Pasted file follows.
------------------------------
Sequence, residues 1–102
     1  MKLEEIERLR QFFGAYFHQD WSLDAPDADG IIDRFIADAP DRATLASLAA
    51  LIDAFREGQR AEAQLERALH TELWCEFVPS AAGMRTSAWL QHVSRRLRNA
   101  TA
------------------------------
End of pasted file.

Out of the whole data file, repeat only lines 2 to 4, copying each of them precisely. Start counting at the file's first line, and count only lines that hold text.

     1  MKLEEIERLR QFFGAYFHQD WSLDAPDADG IIDRFIADAP DRATLASLAA
    51  LIDAFREGQR AEAQLERALH TELWCEFVPS AAGMRTSAWL QHVSRRLRNA
   101  TA